HHS wants to test 30% of U.S. wastewater for the coronavirus as an ‘early warning system’
Gabriela Esparza and Zach Wu, wastewater control inspectors with EBMUD, cap 24 separate bottles while retrieving collection equipment and the samples in Oakland, Calif. on Tuesday, July 14, 2020.
Paul Chinn | San Francisco Chronicle | Getty Images
The Department of Health and Human Services is seeking bids from contractors that can carry out a plan to test up to 30% of the country’s wastewater to act as an “early warning system” for coronavirus outbreaks, according to a contract notice posted Thursday.
The notice says that surveillance of sewage water for the virus can detect an increase in Covid-19 cases five to 11 days earlier than by standard clinical testing.
“Data and analysis provided by the contractor’s wastewater surveillance will illustrate a more complete picture of local, community level COVID19 trends, where clinical cases had been dangerously underreported, leading to unchecked spread,” the request-for-quotation notice says. “This can be particularly helpful for communities lacking testing facilities or testing supplies, or for communities in which demand for testing remains low for other reasons.”
The notice adds that the surveillance will not only “help guide the overall reopening strategy, but also serve as an early warning system for local re-emergence events to enable rapid containment.”
Wastewater surveillance has long been used by epidemiologists to track and detect other infectious diseases such as polio. Because infected people, including those without symptoms, shed the virus in stool, it can then be detected in wastewater, offering another indication of how the virus is spreading in a given community.
Universities, cities and states have already launched their own pilot efforts to use wastewater surveillance as a leading indicator of Covid-19 outbreaks. Last month, the Centers for Disease Control and Prevention said they were seeking partnerships with local health departments to establish a nationwide wastewater surveillance system.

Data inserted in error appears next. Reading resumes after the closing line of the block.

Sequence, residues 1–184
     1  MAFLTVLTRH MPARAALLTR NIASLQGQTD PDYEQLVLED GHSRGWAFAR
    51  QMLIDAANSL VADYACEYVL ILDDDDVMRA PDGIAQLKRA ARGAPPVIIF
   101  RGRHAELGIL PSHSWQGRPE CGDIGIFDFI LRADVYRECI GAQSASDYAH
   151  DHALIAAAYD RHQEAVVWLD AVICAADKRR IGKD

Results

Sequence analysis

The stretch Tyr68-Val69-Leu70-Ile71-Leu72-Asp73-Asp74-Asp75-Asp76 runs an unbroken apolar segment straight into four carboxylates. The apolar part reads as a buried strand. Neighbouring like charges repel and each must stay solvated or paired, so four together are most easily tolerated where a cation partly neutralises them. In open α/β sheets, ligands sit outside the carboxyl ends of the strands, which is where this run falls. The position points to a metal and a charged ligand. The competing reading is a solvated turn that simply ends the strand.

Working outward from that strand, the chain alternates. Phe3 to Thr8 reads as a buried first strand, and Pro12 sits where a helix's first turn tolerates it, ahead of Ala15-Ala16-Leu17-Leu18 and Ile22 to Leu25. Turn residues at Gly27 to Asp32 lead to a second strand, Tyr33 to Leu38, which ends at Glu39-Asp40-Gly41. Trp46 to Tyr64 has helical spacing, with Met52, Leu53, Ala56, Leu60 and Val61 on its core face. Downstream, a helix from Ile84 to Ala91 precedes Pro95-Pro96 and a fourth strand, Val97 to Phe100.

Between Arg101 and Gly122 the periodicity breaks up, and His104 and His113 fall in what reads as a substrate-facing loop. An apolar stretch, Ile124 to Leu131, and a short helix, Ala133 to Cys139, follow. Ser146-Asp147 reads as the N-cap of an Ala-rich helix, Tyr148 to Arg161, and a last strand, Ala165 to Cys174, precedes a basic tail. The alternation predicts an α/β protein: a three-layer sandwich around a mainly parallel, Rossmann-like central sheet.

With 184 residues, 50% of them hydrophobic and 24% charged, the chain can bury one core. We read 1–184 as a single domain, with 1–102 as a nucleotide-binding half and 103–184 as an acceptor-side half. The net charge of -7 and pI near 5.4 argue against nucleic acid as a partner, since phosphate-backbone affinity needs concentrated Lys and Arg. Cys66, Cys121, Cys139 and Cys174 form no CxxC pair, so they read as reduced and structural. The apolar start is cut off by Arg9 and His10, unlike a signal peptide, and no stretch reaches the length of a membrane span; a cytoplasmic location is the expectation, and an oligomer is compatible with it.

The contract notice from HHS, however, represents a potentially massive expansion of such efforts coordinated on a national level. And the intention to hand over responsibility for the initiative to a contractor is another privatization of a public health initiative by the Trump administration.
30% of U.S. wastewater
The HHS-backed initiative will begin by assembling a network of about 100 wastewater treatment plants across 42 states to establish wastewater coronavirus surveillance for about 36 million Americans, or nearly 10% of the country, the notice says. It adds that the first phase will begin as soon as Sept. 30 and run eight weeks.
The notice adds that the government could exercise an option to then expand the program to about 320 wastewater plants, accounting for 100 million Americans, or more than 30% of the population.
The contractor is expected to report the wastewater data into the HHS Protect system, a new program set up during the pandemic to coordinate data from various sources to guide the federal government’s response. The system has faced scrutiny because not all data in it is public, but some public health specialists have hailed the program as a major improvement on federal health data collection.
Because the notice is only a request for bids so far, no total dollar amount is currently associated with the initiative. The federal procurement officers who issued the notice did not return CNBC’s request for an estimate of the cost of the contract.
HHS did not lay out which towns, cities or states would be included in the initial or potential second phase of the initiative. An HHS spokeswoman confirmed the department’s plans to leverage “wastewater data to detect trends in COVID-19 cases in the community.”
Earlier this week, a group of lawmakers sent a letter to the CDC encouraging them to invest more heavily in a federal wastewater surveillance program in response to the pandemic.
“No matter how much you try, you’re not going to get everyone to get in line for a weekly nasal swab,” Rep. TJ Cox (D.-Calif.), who led the effort behind the letter, told CNBC on Friday. “However, most Americans utilize a wastewater system, so we can get results from a wider population for a fraction of the cost of individual tests.”